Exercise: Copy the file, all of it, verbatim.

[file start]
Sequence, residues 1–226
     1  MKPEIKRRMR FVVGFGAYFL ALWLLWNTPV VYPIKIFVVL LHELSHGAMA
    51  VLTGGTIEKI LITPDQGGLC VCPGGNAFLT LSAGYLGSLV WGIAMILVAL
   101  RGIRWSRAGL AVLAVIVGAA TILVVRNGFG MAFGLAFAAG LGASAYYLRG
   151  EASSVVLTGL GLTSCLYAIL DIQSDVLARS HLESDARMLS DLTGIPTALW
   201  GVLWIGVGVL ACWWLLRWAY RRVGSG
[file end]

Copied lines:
Sequence, residues 1–226
     1  MKPEIKRRMR FVVGFGAYFL ALWLLWNTPV VYPIKIFVVL LHELSHGAMA
    51  VLTGGTIEKI LITPDQGGLC VCPGGNAFLT LSAGYLGSLV WGIAMILVAL
   101  RGIRWSRAGL AVLAVIVGAA TILVVRNGFG MAFGLAFAAG LGASAYYLRG
   151  EASSVVLTGL GLTSCLYAIL DIQSDVLARS HLESDARMLS DLTGIPTALW
   201  GVLWIGVGVL ACWWLLRWAY RRVGSG